Back in 1994, the television show TV Nation featured a hilarious segment called “Pets on Prozac,” about pets with OCD (obsessive-compulsive disorder) like Willie the dog, who was so fixated on his log that he really couldn’t function as a regular dog. There were also dogs who could not stop chasing their tails until, in some cases, they actually bit ‘em off. Ouch! These poor animals needed help and since electroconvulsive therapy was probably not an option, they tried the next best thing - Prozac. Now what’s this have to do with us?
Well, I’m thinking that some folks in the U.S. House of Representatives may want to take a look at this TV piece (see below, although not the best quality but you get the idea), and then get some help for their obsession with H.R. 5, the anti-patient medical malpractice/drug/nursing home bill, which we’ve covered many times (like here, here). Let’s review. First, the House assigned the bill to two committees. Each one had a hearing. Each committee then marked up the bill and sent it to the House floor. Then, the House passed the bill on a largely partisan vote. Then, the House leadership brought the bill back to both committees - again. And then one committee marked it up - again. Then the other committee marked it up - again. And now, as part of a new budget package, it’s probably going to hit the House floor - again. As Willie’s owner said, “Willie has to look at his log, stay with his log, he doesn’t see the big picture.” This sounds awfully like the U.S. House of Representatives and its relationship to H.R. 5.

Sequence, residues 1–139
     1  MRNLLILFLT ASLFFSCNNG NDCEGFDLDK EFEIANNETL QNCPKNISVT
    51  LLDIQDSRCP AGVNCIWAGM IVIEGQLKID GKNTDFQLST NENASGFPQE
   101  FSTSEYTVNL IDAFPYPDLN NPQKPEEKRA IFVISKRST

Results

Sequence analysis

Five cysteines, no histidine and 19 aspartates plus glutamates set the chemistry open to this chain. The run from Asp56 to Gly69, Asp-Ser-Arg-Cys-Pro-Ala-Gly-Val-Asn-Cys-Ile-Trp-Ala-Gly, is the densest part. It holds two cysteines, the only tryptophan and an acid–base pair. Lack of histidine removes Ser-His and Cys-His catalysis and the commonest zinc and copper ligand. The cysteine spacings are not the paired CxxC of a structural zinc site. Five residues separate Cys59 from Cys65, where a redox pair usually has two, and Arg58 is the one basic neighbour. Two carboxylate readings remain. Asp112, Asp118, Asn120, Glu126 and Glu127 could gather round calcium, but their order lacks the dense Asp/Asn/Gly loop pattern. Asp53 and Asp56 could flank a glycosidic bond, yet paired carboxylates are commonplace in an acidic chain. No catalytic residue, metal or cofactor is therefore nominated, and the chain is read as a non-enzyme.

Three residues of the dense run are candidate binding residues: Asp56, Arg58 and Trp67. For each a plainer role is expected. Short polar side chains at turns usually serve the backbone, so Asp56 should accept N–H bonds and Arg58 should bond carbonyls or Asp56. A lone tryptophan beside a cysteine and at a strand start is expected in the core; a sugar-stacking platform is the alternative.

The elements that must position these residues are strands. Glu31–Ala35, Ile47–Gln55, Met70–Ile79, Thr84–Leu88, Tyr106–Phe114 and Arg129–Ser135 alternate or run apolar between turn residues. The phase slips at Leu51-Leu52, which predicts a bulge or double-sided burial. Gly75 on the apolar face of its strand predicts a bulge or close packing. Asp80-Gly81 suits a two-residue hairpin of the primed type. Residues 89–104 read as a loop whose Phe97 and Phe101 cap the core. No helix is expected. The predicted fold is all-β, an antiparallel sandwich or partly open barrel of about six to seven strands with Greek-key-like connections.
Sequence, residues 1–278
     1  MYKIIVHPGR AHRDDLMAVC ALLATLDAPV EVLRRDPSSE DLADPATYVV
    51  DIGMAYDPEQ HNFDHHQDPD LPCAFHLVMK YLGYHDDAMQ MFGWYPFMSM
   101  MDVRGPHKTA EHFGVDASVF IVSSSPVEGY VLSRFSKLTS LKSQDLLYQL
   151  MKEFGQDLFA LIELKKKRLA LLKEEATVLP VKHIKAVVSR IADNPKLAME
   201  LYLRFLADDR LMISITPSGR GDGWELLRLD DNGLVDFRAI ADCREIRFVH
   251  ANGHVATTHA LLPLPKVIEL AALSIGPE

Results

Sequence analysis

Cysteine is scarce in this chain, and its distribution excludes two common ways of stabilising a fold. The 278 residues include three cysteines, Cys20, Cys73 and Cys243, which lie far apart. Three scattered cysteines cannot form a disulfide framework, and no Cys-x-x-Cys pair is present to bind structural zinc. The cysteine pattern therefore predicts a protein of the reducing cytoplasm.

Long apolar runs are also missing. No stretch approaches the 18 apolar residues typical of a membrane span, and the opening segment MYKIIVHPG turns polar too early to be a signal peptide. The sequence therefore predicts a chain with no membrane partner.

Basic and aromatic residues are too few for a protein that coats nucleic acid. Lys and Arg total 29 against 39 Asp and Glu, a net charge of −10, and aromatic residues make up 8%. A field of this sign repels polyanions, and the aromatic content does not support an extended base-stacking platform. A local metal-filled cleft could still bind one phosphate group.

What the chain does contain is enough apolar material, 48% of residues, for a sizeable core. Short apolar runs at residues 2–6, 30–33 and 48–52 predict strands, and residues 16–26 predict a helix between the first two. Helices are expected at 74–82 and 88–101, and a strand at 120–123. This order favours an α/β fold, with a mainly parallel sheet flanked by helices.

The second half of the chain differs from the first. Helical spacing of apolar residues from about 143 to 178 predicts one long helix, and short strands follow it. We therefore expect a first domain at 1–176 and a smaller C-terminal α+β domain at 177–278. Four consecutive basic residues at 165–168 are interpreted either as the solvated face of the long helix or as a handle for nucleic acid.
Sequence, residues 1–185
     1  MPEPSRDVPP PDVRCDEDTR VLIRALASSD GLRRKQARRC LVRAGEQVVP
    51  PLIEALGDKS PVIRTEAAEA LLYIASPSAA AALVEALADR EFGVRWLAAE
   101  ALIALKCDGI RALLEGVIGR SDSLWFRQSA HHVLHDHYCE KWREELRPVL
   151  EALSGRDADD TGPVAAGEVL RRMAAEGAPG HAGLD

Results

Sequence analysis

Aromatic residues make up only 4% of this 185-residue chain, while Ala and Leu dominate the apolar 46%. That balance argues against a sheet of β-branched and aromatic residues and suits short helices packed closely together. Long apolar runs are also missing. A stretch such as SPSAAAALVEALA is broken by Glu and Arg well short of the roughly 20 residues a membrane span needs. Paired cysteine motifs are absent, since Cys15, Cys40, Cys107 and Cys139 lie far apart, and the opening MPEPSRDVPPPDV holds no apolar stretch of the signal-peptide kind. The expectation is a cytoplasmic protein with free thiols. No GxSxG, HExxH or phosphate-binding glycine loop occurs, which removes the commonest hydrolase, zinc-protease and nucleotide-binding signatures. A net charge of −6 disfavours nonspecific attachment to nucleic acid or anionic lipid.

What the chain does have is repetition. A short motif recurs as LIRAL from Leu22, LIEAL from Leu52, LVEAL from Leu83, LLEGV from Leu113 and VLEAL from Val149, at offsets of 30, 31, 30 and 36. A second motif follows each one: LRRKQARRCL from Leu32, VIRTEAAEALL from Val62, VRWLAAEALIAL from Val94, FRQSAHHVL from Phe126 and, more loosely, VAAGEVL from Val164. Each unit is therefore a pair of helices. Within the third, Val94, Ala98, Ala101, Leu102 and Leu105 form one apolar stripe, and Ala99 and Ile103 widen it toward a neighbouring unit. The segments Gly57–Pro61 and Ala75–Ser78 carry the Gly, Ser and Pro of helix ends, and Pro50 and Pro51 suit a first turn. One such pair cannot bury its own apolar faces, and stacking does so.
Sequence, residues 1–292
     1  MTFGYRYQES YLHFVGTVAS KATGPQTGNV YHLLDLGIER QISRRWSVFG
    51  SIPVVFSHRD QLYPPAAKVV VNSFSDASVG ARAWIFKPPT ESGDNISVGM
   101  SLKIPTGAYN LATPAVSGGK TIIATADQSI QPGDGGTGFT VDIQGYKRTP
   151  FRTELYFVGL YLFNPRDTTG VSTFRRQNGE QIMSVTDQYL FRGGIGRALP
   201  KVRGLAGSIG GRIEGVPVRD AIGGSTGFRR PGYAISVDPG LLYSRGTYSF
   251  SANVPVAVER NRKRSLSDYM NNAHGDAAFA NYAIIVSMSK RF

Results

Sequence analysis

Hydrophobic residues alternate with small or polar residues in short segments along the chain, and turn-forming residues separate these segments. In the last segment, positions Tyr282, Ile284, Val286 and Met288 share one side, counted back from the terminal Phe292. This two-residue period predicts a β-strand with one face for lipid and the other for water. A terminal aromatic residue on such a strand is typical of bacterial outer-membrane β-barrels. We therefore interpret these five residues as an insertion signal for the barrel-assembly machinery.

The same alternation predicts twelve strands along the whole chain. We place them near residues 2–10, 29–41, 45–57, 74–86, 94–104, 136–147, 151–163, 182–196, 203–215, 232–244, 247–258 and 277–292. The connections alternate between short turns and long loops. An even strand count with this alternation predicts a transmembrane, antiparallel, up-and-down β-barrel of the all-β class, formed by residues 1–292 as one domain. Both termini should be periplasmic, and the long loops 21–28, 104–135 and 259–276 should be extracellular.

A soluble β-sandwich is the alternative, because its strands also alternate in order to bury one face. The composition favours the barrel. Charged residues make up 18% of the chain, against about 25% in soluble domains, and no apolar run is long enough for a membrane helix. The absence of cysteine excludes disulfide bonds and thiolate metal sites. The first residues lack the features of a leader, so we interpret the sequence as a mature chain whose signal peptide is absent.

This latest round of looking at the bill, staying with the bill, passing the bill, etc., is because some members of Congress think stripping injured patients’ of their legal rights (so that Medicaid and Medicare must pay for their care instead), will save taxpayers money. Now don’t get me wrong, I’m not advocating shoving Prozac down anyone’s throat to stop nonsensical thinking like this. There have been enough problems with that drug. But short of pushing pills, there actually is a solution to this obsession, and all it takes is reading the latest publication by the insurance firm A.M. Best, Looking for money? Go no further than the astonishing profits of the medical malpractice insurance industry. Here’s what Best says:
The medical professional liability insurance (MPLI) sector continues to stand out among insurance sectors for its ability to garner profits and generate returns far in excess of the composite averages of its property/casualty peers, according to a recently released A.M. Best Co. special report.
The report, "Medical Professional Liability Outperforms, But Is This Sustainable?" states that the MPLI sector in 2011 posted underwriting and operating results that outpaced the U.S. property/casualty industry composite.
In fact, for years med mal insurers have been doing better than the property/ casualty insurance industry as a whole, which itself has been remarkably profitable. (See this report for more.) Looking for money? Take it out of the pockets of these profiteering medical malpractice insurance firms.
States should do the same. And that includes state lawmakers who think it might be a great idea to save money by having hospital risk managers approach unrepresented injured patients (or families of those killed) with low-ball offers. See our discussion of the Boston proposal here and an op ed about it, which appeared in the Boston Globe. And there's an even worse proposal on the table in New Hampshire.
So to all you lawmakers out there: Stop trying to solve deficit problems on the backs of injured patients and look to the insurance industry instead. You'll make everyone much happier – and without pills!